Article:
Tag: South Africa

Socceroos to Sing The Blues to Les Bleus WARNING! Awful Song Alert!

Australia kicks off its 2018 World Cup campaign with a Group C match against France, the 1998 World Cup winner and a favorite for this tournament.
The Socceroos don’t have much of a chance on the pitch, if we’re being realistic. Australia may have one borderline world class player, but Tim Cahill is now 38 years old and may not even get on the pitch.
Considering Australia’s past in the World Cup, the Aussies may want to consider using the shock weapon of singing the blues to Les Bleus, with some of the appalling songs to have accompanied past campaigns a good chance of scaring the opposition off the pitch with Peru and Denmark the other teams being faced.
2018 World Cup song….(this one isn’t official, but it is bloody awful, which makes it perfect for the shock approach).

At least this year’s song is deliberately bad. The official send-off for the doomed 2014 World Cup campaign in Brazil was abysmal, doubly so because it was performed by one of Australia’s most successful music groups in history, The Wiggles, who are unfortunately best known for corny kids’ songs.

In spite of the terrible song, the Soccerooos were knocked out in the group stage. It was a similar story in the 2010 World Cup in South Africa, where the team literally played with heart, but that didn’t work, anyhow. This time, the culprit was theRogue Traders, whose song used heartbeats recorded from Australians around the country, but didn’t help the team get anywhere in the end and it fell out in the group stage.

Giving hope to this theory is the team from the 2006 World Cup in Germany, where Australia progressed into the knockout round for the first time ever following a 32-year absence from the World Cup finals. The 2006 song, Green and Gold was decent, sounded Australian and was related to soccer. It came from a band called Freedom of Thought. The catchy tune was a healthy portend of powerful play.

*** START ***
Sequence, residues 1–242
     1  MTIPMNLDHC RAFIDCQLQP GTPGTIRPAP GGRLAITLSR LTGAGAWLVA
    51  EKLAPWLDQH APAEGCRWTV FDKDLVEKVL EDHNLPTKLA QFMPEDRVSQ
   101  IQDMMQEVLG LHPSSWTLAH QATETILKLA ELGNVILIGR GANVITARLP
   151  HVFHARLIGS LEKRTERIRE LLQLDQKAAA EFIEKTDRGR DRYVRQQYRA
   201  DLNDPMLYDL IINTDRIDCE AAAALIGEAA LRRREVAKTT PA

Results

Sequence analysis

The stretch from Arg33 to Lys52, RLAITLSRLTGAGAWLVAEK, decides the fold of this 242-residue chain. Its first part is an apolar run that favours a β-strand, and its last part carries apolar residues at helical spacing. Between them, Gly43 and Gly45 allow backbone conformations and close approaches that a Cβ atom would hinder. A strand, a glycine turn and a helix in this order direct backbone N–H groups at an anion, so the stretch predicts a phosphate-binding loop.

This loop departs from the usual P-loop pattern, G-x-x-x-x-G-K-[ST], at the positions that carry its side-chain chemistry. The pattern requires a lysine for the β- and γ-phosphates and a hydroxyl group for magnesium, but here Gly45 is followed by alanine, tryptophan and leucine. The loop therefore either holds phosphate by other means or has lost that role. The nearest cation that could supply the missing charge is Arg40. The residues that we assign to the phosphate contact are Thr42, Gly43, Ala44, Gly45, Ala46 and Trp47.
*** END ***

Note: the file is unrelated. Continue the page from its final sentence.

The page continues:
Of course, the awful Socceroos song that started them all off was for the tournament that started them all off for the Aussies, the 1974 World Cup in West Germany. The theme song, Song It To ‘Em Socceroos,” was sung by the players, semi-professionals who played beyond themselves, and definitely made better footballers than singers.

Mind you, they didn’t scare off the favorites in that tournament, either, so the theory about awful songs may not have much credence to it.


SimonKrugerRooCNN reported globally that a 7-year-old boy lost overnight in a forest near the South Australian capital of Adelaide was saved by a kangaroo.
Simon Kruger, the boy, claims that a kangaroo slept beside him when he went missing overnight.
His father called the kangaroo a “gift from God” that helped keep his son warm in the midwinter conditions.
「息子が温かく過ごせるよう、神がカンガルーを遣わしてくれたのだと思う」 とシモン君の父、エティエンさんがいう。
Simon was found safe and emerged from what could have been a traumatic experience armed with a great story.

*Personally, Kangaeroo has a number of reasons for reckoning this story may be stretching the truth a bit. If Simon’s tale is, indeed, true, then wonderful, but it kept reminding me of this story. 個人的に、考えRooがこの話がちょっと信じがたいところがあるが、シモン君の話が事実であれば最高だと思う。しかし、どうもこの話を思い浮かばせる。